Shop at a major retailer between now and Christmas and there’s a good chance the clerk at the register will offer you an instant discount – 10 to 20 percent off your entire purchase – if you apply for the store’s credit card first.
What should do you do?
“I know that it's very tempting, but always say no,” advises Beverly Harzog of credit.com. “It's just never, ever a good idea to try to get approved on the spot when you haven't even read the fine print.”
Some retailers offer their version of a Visa and MasterCard. Others, like Macy's, Saks, Ann Taylor, Gap and Best Buy, also have their own credit cards that can only be used in their stores.
If you're a regular customer, you may want to take home the application (yes, you’ll miss out on the instant impulse savings) to see if the card makes sense for you. The private label cards often offer special deals that aren't available to the general public.
Just remember this: Cards offered by retailers tend to be one-size-fits-all. They have the highest interest rates – usually 10 points more than a regular credit card – even if you have a good credit score.
“The terms of these credit cards are actually very poor,” says John Ulzheimer with SmartCredit.com. “The interest rates are almost always in the mid-20s and the credit limits to start are almost always below a thousand dollars.”
Ulzheimer calls these the sort of terms that are offered to people with really bad credit. “You would never accept these terms on a general use credit card like a Visa or MasterCard, but we gladly accept them for a retail store card.”
With an interest rate in the mid-20s, an unpaid balance could easily erase any savings you'd get if you applied for the card to get the instant discount.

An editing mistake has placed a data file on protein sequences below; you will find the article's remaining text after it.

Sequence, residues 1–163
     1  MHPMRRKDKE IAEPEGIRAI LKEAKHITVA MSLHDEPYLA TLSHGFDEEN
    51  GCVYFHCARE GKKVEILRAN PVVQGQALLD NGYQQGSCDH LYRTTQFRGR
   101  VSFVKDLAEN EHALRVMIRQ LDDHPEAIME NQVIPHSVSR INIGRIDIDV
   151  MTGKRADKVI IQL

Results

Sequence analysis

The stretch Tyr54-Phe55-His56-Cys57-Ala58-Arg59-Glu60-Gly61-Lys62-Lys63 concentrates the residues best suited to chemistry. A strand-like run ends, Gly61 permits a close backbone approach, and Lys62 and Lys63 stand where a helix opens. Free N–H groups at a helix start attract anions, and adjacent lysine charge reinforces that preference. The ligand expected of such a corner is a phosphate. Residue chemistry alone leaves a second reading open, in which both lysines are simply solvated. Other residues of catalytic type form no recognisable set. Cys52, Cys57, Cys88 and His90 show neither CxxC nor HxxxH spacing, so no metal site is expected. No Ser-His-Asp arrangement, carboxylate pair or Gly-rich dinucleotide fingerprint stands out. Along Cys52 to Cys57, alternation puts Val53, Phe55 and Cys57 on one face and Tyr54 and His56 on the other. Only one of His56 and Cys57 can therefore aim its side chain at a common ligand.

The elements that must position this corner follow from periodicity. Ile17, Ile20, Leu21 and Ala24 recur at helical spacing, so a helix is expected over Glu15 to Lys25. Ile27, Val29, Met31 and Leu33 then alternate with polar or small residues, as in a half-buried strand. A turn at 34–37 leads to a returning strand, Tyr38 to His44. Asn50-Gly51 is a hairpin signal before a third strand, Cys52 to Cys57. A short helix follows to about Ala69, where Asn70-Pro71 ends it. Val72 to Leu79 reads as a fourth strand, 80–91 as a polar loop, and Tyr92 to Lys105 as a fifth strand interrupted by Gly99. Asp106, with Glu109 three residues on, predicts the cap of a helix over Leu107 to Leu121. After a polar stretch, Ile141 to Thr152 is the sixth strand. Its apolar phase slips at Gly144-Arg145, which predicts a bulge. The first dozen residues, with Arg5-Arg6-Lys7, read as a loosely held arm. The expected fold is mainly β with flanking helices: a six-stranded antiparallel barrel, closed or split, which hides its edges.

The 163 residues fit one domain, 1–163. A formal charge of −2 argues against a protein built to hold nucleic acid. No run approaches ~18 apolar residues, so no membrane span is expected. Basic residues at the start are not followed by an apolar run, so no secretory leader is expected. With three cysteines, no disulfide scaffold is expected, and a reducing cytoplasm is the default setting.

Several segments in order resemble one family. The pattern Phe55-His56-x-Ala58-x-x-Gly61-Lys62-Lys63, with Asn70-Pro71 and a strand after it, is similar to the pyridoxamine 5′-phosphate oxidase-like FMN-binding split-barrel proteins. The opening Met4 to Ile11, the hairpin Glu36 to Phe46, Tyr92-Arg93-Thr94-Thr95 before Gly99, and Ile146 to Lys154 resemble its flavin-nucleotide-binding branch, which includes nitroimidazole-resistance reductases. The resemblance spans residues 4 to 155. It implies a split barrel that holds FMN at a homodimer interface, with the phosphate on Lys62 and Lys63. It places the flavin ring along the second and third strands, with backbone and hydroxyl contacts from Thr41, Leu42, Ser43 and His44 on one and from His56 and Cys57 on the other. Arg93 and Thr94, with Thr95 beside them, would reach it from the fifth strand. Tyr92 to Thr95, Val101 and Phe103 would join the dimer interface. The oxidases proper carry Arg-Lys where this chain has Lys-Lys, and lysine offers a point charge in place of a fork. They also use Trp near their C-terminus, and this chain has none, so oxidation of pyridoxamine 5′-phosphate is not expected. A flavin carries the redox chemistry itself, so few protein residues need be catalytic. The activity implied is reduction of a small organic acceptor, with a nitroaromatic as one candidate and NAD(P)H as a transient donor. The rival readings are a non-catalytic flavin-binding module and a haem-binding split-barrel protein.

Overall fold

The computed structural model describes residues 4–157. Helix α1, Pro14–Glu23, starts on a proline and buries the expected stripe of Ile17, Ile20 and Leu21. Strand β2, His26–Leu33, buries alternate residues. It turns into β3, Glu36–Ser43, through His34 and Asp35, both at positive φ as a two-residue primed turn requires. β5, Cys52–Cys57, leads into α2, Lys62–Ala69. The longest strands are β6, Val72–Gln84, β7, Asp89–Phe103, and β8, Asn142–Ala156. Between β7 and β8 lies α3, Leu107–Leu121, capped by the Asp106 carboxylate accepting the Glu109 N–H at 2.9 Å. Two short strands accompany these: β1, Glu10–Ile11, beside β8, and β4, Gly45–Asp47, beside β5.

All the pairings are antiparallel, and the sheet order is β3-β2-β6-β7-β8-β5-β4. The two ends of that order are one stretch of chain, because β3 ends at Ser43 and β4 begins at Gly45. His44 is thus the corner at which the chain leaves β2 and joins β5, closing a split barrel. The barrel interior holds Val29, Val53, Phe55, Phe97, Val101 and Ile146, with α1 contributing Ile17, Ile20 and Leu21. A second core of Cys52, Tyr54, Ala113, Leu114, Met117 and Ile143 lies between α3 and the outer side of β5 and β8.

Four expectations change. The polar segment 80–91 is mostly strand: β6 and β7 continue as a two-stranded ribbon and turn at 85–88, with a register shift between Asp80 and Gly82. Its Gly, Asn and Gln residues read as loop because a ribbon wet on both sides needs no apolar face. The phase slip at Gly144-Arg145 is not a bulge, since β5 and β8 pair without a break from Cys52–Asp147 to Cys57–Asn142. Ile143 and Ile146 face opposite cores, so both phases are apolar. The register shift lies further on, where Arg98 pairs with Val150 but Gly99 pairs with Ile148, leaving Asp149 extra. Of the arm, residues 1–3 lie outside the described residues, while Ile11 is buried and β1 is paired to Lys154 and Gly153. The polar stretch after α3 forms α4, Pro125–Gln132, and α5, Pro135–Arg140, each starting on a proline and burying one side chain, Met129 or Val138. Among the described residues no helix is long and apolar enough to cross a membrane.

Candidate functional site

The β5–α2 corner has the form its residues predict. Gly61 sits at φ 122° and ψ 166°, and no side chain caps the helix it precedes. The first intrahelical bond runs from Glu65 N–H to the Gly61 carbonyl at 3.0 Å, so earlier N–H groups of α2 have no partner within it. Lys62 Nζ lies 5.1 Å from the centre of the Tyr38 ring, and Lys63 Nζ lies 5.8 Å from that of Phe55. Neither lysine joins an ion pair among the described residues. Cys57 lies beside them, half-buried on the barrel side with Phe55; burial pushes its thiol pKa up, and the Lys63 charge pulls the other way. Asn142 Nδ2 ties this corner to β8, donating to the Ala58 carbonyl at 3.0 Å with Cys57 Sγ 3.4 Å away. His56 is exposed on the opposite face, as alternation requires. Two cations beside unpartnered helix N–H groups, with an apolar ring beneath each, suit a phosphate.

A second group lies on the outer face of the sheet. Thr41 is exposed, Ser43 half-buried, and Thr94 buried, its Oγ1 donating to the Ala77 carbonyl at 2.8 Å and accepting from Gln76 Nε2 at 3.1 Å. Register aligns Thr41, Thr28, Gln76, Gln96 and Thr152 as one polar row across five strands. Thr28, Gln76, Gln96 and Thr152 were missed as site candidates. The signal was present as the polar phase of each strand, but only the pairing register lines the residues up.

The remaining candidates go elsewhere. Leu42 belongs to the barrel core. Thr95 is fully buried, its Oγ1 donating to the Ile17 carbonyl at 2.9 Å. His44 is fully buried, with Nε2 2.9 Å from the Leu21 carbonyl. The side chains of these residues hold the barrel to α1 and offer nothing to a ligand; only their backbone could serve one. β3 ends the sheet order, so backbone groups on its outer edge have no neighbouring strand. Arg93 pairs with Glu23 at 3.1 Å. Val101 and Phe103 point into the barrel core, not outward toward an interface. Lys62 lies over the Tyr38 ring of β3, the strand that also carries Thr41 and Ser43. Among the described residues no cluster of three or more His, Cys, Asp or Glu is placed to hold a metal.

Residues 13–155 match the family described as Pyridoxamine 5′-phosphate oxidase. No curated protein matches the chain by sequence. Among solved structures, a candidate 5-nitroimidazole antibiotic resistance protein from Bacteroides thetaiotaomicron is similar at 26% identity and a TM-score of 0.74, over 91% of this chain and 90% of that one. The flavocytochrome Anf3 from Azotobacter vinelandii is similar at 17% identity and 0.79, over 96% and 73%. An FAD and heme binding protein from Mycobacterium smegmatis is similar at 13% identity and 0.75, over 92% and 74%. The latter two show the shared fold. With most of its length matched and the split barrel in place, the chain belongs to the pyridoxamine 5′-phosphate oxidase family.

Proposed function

Why not apply for the card, snag the savings and never use the card again? That seems logical, but any time you apply for credit it lowers your credit score a little. It may be only a couple of points, but you can’t be sure.
“You don’t know what you don’t know,” warns Ulzheimer. “You have no idea what’s going to happen to your score.”
What it your score drops just enough to put you in a less attractive rate tier? You could wind up paying more for all of your credit, including credit cards, future car loans, even a mortgage refinance.
“Whatever discount you got the day of your shopping is meaningless in the grand scheme of things if you’re paying more interest during the life of the loan that you’re taking out,” Ulzheimer cautions.
Worse yet, if your score is already on the borderline and that new credit account drops it even lower, you could be rejected when you apply for credit.
Remember: Canceling the card after you get the discount won't help. Any damage that’s been done to your score is done. Closing the account does not reverse that.